Nambu Type 2 submachine gun

Nambu Type 2Nambu Type 2

The Type 2 Nambu was developed in 1935 as an improvement over the earlier Type 1 prototype. The Type 1 offered a promising concept but was ergonomically awkward and uncomfortable to hold, as it fed from very curved 50-round magazines through the pistol grip. The Type 2 sought to offer more comfort and practicality by placing the magazine forward of the trigger, with the whole gun built onto a wooden stock unit. As with the Type 1, the actual designer of this gun was Maj. Gen. Shikanosuke Tokunaga, not Kijiro Nambu as is commonly thought. Nambu simply built the prototypes at his Tokyo factory and filed the associated patents.

A very small quantity of test models - only about nine - were built in the mid-1930s on the request of the Imperial Japanese Army. Trials were carried out until September 1938, when the gun was formally rejected by the Army, who at that time had no confidence in the concept of submachine guns. The Navy, however, was somewhat more invested in submachine guns than the Army and are said to have ordered a rather insubstantial number of both the Type 1 and Type 2 submachine guns, which were apparently used by the Special Naval Landing Forces in occupied China during the late 1930s. It is reported that the prototypes of this gun were made in both 8x22mm Nambu and an experimental 6.5mm cartridge, which never came into official use. The Type 2, by standard, fed from 30-round magazines, although the long 50-round Type 1 magazines were also compatible.

The action of this gun was much the same as the Type 1, with the only major difference being the relocation of the trigger group to behind the magazine. The bolt was fixed in place by a nut to the inside of the long barrel shroud, meaning that the bolt itself had no independent movement and was carried at all times by the barrel shroud. The barrel was entirely stationary, but the shroud moved backwards with the bolt upon firing. The return spring was not located in the tubular section behind the bolt, but was instead coiled around the barrel. When the barrel shroud and bolt came backward, the barrel shroud pressed against the return spring and compressed it. The spring would then decompress and force the barrel shroud, carrying the bolt, back to the forward position.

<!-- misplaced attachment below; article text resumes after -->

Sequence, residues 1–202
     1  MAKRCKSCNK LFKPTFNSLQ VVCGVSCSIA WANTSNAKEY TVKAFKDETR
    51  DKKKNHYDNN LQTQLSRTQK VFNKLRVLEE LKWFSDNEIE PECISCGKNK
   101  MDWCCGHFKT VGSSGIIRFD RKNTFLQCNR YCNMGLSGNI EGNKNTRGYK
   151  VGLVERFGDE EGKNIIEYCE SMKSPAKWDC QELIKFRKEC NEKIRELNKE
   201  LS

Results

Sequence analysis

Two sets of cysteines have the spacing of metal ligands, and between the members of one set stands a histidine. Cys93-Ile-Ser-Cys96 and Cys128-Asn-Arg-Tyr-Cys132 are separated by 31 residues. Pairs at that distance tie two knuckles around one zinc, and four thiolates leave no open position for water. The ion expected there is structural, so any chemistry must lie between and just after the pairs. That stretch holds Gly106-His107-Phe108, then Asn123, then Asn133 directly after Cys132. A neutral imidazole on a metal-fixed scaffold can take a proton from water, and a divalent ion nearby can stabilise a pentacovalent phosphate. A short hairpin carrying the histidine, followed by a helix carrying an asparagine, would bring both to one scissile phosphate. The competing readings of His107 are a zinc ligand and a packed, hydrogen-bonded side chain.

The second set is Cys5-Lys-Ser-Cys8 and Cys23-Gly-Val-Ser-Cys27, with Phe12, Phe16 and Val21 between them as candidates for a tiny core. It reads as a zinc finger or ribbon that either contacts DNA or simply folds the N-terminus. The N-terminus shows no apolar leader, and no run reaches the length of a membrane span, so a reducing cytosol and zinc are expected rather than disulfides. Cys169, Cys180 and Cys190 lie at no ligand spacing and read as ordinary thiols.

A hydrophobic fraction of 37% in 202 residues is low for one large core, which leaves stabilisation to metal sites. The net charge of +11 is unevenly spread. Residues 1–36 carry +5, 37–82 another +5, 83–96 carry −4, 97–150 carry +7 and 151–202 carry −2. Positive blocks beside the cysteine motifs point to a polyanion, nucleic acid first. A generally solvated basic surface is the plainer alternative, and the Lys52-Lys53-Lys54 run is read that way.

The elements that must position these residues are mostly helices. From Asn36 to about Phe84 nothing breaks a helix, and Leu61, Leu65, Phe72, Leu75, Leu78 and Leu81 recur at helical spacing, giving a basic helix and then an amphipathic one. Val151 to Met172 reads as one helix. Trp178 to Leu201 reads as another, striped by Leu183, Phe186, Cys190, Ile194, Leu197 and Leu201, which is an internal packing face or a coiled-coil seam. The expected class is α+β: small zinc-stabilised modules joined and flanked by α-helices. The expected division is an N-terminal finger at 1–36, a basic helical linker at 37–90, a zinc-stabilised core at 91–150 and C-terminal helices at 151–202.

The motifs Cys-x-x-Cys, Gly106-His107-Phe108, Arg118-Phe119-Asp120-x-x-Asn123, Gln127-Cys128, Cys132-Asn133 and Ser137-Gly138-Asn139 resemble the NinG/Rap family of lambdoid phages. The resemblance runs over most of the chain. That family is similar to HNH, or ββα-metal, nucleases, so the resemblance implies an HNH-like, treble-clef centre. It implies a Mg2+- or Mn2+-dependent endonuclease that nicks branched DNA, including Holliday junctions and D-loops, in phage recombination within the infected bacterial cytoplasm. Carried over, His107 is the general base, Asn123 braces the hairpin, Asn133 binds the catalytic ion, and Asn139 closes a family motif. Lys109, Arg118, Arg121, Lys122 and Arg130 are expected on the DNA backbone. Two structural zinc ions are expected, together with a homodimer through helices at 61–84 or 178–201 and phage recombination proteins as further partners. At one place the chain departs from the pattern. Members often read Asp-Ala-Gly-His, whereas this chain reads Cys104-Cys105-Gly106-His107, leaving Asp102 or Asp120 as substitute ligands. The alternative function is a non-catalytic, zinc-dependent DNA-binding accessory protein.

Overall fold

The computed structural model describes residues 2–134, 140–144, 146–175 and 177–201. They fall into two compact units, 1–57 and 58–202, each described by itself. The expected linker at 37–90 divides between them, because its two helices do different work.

The rear tubular section of the receiver did not house a recoil spring as one would typically expect, but instead a pneumatic air-compressed bolt buffer device. The fire rate could actually be adjusted from 500 - 600rpm by adjusting the pressure exerted by the buffer. This was done by turning a small valve located underneath the end cap.
It should also be noted that, due to the way in which the gun operated, there was no cocking slot or retractable cocking handle. The Type 2 was cocked by retracting the entire barrel shroud backwards. A "handle" of sorts existed in the form of a solid metal tab welded to the left side of the barrel shroud.

Nambu Type 2 cocked
The Nambu Type 2 with the bolt and barrel shroud in rear position. This is an earlier model.

Nambu Type 2 disassembled
The Nambu Type 2 disassembled, showing the barrel shroud, bolt, return spring, and exposed barrel.

The operating mechanism of the Type 1 and Type 2 submachine guns was innovative, but it was not without fault. The main advantage of this system was the reduction of the overall length of the gun by placing the return spring around the barrel. This, however, was inherently detrimental to the reliability of the gun, as the spring would be damaged over time by the heat exerted by the barrel upon firing. With no heat protection to the spring, it would wear out much quicker than a conventional blowback gun. This is perhaps the reason the gun was not initially taken into service.

The early models of the Type 2 featured a tubular bayonet mount underneath the barrel, however this feature was eliminated on the later models, which were also shorter in overall length. The pneumatic bolt buffer was also absent in some of the later produce, presumably to cut production costs.

It is known that during the later stages of World War II, when Japan's armament situation became desperate, prototype weapons were pressed into frontline service. Among them were limited numbers of Type 2 submachine guns. These were found in China and the Pacific, where they were captured by Allied troops. From 1942 onward the British Army began encountering this gun, in small quantities, in Singapore and Burma. It was nicknamed by them as the "bullpup" due to its short length. The Chinese, on the other hand, went so far as to produce a copy of the gun at Mukden Arsenal. The Chinese version was chambered in .45 ACP and took some design cues from the Thompson gun, but employed the same action as the Type 2.

The total wartime produce of the Type 2 Nambu submachine gun is not known, although it is estimated at anywhere between 50 - 100 units. Certainly very few of these guns were made.

Mukden SMG
The Mukden Arsenal .45 submachine gun, a Chinese copy of the Nambu Type 2.

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